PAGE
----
We need no deeper knowledge of the history of philosophy in order to be aware of a simple fact: the paradigmatic nature of perspective is deeply rooted in Descartes’s foundation of egology. But we have to go beyond a simple fascination, and consider how crucial are Kepler’s Paralipomena ad Vitellionem and Descartes’s Dioptrics for such inscription (or rather translation) of the visible into the thinkable (cogitabile). These two works open the “Golden Age” of projective and descriptive geometry, that extends itself to Euler and Monge (see Fraisopi [2009]: 11-40). But if the Paralipomena has a not secondary influence on Descartes, Descartes itself radicalizes Kepler’s approach by going beyond. He develops the process of cognitive determination of geometry and its foundation by the cogito. He also makes explicit how deep but still incomplete is the process of sublimation of the first mathematical approach developed by perspective. It still remains incomplete precisely because the possibility of inscription of the infinity in the geometry of vision cannot be made clear. The inscription of infinity into the space, made by the technique of perspective cannot remain a stable element for science and knowledge, if it is not acquired, absorbed, by thought.

The complexity of Descartes’ Discourse lies prominently in the search of such implementation of geometry – of the Dioptrics as new perspectival geometry of vision – to natural sciences. But such implementation requires a further condition: the awareness that such implementation is impossible without a metaphysical (i.e. ultimate) foundation. The relationship between the Discourse and the three essays (and the Dioptric in particular) is naturally not occasional at all. It shows first and foremost the anthropological and metaphysical distance of Descartes from the optics of the Renaissance. Precisely this distance makes it possible to transfigure Perspective into Perspectivism[28]. Thanks to the inscription of a “simple” Perspective of vision into Perspectivism, Descartes can overcome the entire physiological tradition of theory of vision, from Galen to Kepler.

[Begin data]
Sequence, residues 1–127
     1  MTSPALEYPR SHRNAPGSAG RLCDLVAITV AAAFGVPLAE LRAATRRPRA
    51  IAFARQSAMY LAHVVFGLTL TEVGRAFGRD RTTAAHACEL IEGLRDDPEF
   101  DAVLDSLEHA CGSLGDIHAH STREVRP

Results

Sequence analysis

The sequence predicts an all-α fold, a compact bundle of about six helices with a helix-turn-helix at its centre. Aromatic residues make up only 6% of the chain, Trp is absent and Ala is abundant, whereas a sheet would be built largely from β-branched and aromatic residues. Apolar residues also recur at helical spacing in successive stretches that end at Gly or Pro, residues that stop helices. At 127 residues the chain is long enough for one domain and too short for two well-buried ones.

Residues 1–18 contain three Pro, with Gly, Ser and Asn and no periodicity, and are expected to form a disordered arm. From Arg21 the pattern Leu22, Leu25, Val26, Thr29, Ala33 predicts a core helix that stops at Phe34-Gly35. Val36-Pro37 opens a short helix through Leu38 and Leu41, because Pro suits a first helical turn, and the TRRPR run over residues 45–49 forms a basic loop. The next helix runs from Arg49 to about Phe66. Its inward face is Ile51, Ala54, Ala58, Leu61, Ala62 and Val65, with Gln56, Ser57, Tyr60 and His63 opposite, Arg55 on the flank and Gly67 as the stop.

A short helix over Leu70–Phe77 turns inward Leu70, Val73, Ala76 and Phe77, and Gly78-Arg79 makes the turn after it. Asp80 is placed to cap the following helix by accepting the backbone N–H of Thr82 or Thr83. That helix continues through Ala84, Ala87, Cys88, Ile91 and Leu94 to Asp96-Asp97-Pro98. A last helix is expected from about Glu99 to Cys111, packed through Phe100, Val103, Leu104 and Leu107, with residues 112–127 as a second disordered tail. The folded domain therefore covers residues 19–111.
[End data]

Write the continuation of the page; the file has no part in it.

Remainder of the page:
By such physiological theory of vision, the image prints itself on the crystalline of the eye, and will be brought through intentional species to the optical nerve. Descartes orients himself to a complete mechanization of vision. Such radical philosophical “decision” brings one then to the translation of a fully mechanized vision – and of mechanics itself – to the metaphysics of the ego. The man – then the ego – is a “spectator mundi”. But such spectator finds his own stability not by the topological principles sketched by perspective but by the cogito. The stability of vision, of the “theôrein”, belongs to a transcendent nature and must be fully determined by metaphysics.